Unbound shows that photoreal racing is overrated.
You'd be forgiven for just now learning that there's a new Need For Speed coming out. I'd made a habit of forgetting about NFS over the last seven years of disappointing open world racing games, but this year's Need For Speed Unbound is hard to miss—literally. Unbound's unusual street art-inspired visuals drew attention when it was announced in October, with some fans hoping that, on release, they'd be able to turn off all those colorful effects.
Well, you can, but after a few hours with Unbound I don't think you should. The game looks incredible right out of the box, and the funky new art style is a big part of it. Watching my car react to bumps, turns, and speed boosts with comic-booky sparks, skid marks, and smoke trails is quickly becoming my favorite part of the game.
I'll admit, it was pretty weird at first to see cel-shaded cartoon characters climbing out of photoreal cars, especially in trailers. Videogames looks tend to stay in their lane on the spectrum of artistic to realistic, but Unbound is simultaneously at both extremes. A bold move! My brain immediately rejected this joining of water and oil, but my mood changed once I got behind the wheel. The first thing I realized is that, while screenshots of cars are pretty, Unbound's look doesn't really come alive until you see it in motion:
That looks clean. I appreciate the consideration Criterion has taken not to overdo it. The graffiti effects are loud, but they never overpower the action. In fact, the visual effects are almost exclusively reactive to actions taken by the player. Scraping a rival car, drifting through a corner, near-missing a cop in chase—your car responds to these tiny but consequential decisions with expressive lighting bolts or elaborate motion graphics.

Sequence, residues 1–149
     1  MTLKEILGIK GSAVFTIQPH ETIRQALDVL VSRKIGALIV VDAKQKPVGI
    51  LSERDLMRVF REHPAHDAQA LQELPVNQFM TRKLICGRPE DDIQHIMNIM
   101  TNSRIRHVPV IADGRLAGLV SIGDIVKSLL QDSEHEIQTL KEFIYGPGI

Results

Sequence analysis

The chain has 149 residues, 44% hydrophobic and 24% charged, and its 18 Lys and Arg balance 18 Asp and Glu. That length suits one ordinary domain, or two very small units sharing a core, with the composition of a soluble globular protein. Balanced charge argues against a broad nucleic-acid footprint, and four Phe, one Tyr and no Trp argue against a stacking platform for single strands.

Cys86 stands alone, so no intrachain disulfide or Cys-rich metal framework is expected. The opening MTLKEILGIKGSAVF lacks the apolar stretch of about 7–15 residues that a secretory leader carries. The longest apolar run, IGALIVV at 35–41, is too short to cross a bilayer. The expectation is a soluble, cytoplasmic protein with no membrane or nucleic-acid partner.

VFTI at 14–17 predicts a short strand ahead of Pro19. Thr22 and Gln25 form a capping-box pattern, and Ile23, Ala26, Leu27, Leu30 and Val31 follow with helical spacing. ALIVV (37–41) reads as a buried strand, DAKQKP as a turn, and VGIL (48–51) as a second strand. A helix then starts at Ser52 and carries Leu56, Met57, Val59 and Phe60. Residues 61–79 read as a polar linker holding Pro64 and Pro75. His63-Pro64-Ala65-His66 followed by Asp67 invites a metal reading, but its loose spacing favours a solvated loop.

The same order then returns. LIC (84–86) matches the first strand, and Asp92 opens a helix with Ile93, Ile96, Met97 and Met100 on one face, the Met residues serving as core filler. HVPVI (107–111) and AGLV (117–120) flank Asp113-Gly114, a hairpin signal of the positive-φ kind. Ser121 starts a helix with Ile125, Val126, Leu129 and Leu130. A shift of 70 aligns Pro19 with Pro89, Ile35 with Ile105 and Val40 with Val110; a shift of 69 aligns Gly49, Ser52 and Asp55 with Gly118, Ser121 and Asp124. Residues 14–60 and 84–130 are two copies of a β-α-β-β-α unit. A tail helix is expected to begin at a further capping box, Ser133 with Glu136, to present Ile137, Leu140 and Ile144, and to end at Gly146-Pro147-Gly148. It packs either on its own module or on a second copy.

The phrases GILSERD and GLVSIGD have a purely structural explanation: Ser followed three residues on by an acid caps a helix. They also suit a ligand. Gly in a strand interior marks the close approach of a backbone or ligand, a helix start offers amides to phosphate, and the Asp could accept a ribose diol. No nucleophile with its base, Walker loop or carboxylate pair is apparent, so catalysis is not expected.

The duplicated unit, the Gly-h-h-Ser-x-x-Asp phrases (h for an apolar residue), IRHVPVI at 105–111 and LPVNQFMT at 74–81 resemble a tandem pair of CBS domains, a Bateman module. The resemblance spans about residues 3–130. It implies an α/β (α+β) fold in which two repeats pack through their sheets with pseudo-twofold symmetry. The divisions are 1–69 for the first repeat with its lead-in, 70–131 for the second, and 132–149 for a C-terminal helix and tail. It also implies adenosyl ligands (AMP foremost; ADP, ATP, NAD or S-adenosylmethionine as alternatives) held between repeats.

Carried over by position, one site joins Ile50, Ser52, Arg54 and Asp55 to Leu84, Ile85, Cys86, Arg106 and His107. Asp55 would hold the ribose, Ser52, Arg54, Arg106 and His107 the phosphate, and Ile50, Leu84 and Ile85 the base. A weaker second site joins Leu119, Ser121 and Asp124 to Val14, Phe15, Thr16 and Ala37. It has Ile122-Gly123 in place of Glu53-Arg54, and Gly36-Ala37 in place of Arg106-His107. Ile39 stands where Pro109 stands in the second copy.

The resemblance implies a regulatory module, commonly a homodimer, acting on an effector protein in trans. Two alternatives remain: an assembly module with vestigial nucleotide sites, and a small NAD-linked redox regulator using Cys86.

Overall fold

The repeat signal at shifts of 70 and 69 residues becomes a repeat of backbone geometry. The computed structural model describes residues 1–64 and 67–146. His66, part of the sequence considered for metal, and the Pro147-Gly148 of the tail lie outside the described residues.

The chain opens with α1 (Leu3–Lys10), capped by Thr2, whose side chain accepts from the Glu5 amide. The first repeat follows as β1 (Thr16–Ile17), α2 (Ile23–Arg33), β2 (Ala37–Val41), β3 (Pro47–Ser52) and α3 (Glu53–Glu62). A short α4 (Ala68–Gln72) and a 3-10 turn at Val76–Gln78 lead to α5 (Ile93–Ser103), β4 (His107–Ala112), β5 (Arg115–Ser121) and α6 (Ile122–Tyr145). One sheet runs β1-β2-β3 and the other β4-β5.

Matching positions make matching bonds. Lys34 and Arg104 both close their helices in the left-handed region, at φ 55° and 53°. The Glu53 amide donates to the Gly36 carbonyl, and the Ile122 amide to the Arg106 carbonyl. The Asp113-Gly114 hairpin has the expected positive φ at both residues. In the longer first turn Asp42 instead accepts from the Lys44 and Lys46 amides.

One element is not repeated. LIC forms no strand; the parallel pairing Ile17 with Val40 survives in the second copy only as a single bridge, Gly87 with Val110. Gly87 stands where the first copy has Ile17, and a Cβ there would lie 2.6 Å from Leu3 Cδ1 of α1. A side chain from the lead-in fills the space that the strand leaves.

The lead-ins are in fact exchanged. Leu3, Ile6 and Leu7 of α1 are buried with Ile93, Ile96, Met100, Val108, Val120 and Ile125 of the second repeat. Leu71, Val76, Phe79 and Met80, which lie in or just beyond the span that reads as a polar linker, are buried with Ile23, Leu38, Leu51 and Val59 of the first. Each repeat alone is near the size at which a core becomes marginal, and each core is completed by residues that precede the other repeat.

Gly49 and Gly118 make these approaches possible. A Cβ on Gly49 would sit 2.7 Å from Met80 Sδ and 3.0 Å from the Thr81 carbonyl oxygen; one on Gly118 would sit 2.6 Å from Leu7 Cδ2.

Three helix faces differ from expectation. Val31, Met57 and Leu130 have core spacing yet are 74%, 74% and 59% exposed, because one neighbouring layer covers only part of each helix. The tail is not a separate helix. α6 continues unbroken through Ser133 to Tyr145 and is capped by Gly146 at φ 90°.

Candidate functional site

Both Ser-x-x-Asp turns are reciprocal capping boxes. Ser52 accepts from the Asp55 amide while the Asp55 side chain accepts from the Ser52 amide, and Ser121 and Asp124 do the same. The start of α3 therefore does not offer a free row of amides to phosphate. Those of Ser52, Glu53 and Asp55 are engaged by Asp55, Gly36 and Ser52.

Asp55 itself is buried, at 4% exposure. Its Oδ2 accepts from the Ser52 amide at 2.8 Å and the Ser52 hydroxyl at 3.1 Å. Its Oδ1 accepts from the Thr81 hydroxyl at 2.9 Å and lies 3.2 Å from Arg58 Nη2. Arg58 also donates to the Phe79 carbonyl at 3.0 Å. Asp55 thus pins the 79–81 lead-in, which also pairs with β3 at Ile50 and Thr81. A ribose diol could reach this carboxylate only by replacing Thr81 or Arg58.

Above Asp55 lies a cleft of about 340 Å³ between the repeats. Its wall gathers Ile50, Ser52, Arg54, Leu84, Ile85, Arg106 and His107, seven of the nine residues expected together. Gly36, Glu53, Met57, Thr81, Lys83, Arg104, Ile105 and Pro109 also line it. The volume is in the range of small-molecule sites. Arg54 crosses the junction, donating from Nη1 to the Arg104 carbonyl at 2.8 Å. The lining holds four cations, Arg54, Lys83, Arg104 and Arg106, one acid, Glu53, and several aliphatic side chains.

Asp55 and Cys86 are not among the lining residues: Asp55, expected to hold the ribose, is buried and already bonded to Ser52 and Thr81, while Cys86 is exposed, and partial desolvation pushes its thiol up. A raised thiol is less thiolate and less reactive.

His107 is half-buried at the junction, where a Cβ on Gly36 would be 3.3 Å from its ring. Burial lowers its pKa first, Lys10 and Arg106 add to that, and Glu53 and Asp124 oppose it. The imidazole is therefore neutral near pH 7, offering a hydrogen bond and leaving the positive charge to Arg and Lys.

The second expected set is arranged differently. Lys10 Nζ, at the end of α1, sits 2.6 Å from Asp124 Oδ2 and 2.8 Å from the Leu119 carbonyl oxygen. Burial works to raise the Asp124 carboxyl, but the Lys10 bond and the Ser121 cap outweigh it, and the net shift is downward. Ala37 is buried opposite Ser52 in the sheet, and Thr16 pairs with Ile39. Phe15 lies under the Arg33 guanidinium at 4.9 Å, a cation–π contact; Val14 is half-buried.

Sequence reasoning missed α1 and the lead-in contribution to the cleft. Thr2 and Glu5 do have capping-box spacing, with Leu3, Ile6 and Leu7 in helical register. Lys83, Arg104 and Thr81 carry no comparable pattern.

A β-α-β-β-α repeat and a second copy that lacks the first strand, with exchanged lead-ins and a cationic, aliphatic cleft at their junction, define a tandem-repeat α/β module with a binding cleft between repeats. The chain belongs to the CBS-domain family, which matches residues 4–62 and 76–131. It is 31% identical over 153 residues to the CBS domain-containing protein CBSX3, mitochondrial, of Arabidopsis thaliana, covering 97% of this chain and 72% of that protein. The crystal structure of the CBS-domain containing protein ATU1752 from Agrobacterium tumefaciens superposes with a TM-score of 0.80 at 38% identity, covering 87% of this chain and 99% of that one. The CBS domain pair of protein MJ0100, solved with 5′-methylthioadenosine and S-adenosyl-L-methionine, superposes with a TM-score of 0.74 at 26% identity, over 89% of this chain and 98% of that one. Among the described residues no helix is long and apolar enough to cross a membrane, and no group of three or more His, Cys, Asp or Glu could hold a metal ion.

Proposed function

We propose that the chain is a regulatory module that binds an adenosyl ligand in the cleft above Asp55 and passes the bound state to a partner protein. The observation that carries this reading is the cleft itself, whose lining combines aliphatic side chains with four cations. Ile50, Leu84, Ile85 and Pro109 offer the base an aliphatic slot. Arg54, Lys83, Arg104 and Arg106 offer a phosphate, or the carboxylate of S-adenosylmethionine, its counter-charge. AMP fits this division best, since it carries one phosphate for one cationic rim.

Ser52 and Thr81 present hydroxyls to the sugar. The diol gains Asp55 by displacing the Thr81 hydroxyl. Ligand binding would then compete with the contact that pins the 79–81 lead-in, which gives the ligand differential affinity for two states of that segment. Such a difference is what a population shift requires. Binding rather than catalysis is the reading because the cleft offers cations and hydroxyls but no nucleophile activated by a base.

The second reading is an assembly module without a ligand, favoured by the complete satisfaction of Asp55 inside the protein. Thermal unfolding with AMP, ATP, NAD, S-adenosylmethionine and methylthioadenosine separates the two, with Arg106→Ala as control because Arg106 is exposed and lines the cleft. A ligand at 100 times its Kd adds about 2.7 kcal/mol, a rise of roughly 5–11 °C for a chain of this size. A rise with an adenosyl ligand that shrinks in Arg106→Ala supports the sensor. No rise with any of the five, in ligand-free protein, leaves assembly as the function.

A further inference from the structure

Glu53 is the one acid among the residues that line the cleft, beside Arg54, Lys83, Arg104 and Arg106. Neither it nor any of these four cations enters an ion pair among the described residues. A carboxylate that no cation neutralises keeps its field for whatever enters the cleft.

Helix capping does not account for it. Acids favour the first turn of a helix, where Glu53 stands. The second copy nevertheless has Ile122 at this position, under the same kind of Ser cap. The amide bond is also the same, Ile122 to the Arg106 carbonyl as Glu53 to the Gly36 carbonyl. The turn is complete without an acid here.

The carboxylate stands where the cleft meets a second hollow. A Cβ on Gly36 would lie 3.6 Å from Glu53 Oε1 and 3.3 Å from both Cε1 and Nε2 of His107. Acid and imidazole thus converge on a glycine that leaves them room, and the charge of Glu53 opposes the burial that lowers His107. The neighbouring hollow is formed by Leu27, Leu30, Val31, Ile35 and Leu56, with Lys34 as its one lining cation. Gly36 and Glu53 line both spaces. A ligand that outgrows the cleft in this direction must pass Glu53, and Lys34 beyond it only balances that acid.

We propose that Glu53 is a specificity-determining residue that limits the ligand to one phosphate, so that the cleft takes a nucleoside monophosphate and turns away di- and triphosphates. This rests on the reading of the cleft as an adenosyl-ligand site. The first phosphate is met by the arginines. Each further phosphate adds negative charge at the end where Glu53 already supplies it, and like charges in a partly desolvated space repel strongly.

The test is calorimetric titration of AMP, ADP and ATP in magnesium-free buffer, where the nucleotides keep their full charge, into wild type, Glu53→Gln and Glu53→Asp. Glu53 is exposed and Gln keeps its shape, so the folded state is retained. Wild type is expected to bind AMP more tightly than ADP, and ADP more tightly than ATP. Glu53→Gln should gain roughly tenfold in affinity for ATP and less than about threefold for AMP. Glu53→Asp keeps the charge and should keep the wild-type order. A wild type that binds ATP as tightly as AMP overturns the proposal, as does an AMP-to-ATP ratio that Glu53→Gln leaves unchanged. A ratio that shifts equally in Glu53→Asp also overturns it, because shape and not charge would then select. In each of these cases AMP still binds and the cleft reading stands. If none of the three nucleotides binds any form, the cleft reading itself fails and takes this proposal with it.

The fancy effects clearly aren't the gimmick I worried they'd be—they're crucial to how this Need For Speed conveys speed. These are living, breathing cars with active imaginations. I especially love how it looks to punch a full nitrous meter. The entire car is briefly consumed by a silhouette of color, sort of like it's getting a shock to its nervous system as the nitrous kicks in. Drafting, a fundamental racing technique that's hard to visualize in a sim like Forza, is vividly represented in Unbound by the bending beams of your brake lights, as if the leading car has captured you in its tractor beam. Crashes are sudden and violent, with the camera detaching from the car and cutting away to a spectator's angle quick enough to get back in the race with minimal interruption.
Do "sudden and violent" crashes remind you of any other racing series? Because to me, it screams Burnout. You can see Criterion's footprint all over this thing. I shouldn't be surprised the studio that once made Burnout Paradise has nailed Unbound's look and sense of speed. After the Burnout series was tossed into the local junkyard and turned into one of those tiny car cubes, Criterion left its mark on Need For Speed, making some of the prettiest racing games of the previous decade (2010's Hot Pursuit and 2012's Most Wanted).
After a long stint with EA Gothenburg, it's no coincidence that Criterion's first game back in the saddle is getting good buzz. If Unbound is Criterion's official reintroduction to the world as a leader in racing games, this eye-grabby art style is certainly doing the job.